When you have a kid complaining about that night’s dinner, it can be oh, so tempting to pop a few chicken nuggets in the oven. But results of a Consumer Reports Health investigation might make parents think twice before doing so: according to the publication’s release, most brands of nuggets – even ones made from soy – are high in fat and sodium and offer little nutritional value:
With claims like “Whole Grain,” “Organic,” and “100% All Natural,” parents might easily assume that chicken nuggets, available frozen and refrigerated, are a healthy dinner choice. But the labels can be misleading. For example, Perdue Baked cites “whole grain breading” when in fact a single serving contains just one gram of fiber. Consumer Reports Health gave the Perdue nuggets a “Good” Rating for nutrition. Tyson’s chicken nuggets use the claim “100% all natural,” which is true; however, this brand of nuggets contains 17 grams of fat and 470 milligrams of sodium. Consumer Reports Health gave Tyson’s nuggets a “Fair” Rating for nutrition.
Only one of 14 brands scored a “very good” rating for nutrition, but, as reported by WebMD, “it didn’t pass muster” with its panel of (6- to 17-year-old) taste tasters.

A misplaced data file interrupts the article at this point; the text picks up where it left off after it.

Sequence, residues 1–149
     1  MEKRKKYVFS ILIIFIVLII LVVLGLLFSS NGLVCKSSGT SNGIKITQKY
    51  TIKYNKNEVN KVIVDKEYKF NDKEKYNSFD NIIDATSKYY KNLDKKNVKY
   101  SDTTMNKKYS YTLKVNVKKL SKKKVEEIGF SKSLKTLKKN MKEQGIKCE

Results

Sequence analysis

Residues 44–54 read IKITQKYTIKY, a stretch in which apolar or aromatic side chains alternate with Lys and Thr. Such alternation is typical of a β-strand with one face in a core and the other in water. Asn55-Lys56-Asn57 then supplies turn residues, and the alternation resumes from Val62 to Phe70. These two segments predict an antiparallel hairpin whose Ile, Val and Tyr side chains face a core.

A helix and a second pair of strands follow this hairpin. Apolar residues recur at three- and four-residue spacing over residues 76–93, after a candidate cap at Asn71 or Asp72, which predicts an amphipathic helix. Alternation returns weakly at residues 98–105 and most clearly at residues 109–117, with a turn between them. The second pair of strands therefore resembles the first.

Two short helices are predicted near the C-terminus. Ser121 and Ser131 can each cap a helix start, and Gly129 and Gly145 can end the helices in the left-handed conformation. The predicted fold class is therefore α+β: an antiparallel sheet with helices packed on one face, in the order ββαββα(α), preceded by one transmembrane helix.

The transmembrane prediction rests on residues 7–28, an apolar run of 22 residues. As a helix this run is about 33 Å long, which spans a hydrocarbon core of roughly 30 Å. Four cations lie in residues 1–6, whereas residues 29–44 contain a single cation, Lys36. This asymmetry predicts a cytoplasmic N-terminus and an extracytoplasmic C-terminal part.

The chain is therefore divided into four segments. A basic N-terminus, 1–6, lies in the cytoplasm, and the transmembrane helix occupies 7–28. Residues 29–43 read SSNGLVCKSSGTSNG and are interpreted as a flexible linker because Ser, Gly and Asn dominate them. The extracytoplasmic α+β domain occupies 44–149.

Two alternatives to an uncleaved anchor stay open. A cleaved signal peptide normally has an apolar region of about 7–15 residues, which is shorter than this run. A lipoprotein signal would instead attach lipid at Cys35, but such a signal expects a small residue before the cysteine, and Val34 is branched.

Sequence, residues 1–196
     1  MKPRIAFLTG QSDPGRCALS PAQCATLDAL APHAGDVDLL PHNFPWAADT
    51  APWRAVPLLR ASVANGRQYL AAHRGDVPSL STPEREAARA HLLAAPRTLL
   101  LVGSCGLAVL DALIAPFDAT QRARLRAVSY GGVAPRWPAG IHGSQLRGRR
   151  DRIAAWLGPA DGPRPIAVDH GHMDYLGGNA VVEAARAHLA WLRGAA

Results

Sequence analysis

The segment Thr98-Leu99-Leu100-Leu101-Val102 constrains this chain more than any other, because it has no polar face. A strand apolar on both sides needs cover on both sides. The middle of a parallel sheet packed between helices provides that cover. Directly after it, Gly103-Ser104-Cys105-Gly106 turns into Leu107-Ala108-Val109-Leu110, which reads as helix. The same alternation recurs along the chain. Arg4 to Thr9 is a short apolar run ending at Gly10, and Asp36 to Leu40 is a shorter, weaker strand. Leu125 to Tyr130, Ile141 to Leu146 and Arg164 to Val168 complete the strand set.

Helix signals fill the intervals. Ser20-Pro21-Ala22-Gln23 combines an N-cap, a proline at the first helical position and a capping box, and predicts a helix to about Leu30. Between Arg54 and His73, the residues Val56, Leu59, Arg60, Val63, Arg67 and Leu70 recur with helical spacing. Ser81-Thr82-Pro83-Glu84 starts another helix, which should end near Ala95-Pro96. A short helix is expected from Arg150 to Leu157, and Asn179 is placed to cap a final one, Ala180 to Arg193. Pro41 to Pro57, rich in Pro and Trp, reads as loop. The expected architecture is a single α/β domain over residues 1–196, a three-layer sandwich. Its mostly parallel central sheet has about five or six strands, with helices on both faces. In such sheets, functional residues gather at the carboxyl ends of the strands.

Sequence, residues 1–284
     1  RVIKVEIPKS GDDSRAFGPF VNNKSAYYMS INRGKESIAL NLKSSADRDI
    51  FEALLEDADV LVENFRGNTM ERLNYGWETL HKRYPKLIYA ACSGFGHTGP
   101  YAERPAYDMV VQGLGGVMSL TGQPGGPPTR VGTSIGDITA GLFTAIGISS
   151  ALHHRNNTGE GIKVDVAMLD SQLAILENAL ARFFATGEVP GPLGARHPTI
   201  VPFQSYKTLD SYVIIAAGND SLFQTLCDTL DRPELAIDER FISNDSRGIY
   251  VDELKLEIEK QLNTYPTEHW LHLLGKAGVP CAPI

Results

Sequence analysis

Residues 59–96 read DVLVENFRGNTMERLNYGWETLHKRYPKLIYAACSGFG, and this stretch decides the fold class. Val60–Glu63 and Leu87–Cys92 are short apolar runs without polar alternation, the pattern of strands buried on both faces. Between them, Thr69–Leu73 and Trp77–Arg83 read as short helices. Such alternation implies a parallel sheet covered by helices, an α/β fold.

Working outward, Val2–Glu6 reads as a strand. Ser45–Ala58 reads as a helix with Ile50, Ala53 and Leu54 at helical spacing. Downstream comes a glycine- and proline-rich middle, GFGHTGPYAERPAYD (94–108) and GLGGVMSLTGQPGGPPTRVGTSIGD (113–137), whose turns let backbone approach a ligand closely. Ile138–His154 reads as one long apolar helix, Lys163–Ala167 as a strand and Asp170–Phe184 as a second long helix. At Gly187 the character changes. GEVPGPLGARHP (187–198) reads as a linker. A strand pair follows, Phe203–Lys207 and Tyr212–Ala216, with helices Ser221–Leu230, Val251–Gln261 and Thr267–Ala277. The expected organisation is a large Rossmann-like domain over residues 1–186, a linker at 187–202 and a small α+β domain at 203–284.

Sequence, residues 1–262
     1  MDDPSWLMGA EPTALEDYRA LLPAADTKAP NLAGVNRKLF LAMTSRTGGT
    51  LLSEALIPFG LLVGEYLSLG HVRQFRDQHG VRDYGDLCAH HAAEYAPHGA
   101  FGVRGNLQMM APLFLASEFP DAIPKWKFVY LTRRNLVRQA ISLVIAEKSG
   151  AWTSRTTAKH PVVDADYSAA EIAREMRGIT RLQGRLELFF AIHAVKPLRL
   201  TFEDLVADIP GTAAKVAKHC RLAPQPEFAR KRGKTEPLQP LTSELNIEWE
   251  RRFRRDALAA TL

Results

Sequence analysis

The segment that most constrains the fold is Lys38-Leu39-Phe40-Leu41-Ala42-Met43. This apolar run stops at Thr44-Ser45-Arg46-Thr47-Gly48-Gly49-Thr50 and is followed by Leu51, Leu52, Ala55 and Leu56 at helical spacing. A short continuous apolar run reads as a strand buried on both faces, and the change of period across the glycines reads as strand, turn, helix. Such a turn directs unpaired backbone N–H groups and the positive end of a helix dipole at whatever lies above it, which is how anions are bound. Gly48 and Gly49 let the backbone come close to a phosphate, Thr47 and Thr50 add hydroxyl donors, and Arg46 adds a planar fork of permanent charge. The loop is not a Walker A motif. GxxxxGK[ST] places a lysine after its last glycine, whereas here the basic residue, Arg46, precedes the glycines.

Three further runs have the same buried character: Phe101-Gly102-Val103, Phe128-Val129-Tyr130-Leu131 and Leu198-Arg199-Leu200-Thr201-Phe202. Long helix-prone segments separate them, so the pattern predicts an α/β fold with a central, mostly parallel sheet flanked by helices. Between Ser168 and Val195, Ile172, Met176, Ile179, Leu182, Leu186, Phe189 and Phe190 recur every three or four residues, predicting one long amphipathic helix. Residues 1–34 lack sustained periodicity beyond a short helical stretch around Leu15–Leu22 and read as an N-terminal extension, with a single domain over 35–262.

Gayle Williams, deputy editor of Consumer Reports Health, told WebMD it “wouldn’t be realistic” to recommend that parents stop feeding nuggets to their children. But she wants parents to know “there probably are better food choices,” and she’s urging consumers to carefully read nutritional information on the packaging:
“Busy parents who are trying to get dinner on the table really do have their work cut out for them,” Williams says in the news release. “You want to feed the kids something they’ll like – and kids do like chicken nuggets – but you don’t want to overwhelm them with fat and sodium. The best you can do is keep an eye on those labels and try to round out the meal with some fruits and vegetables.”
An overview of the study, which appears in the June issue of the magazine, can be found here.
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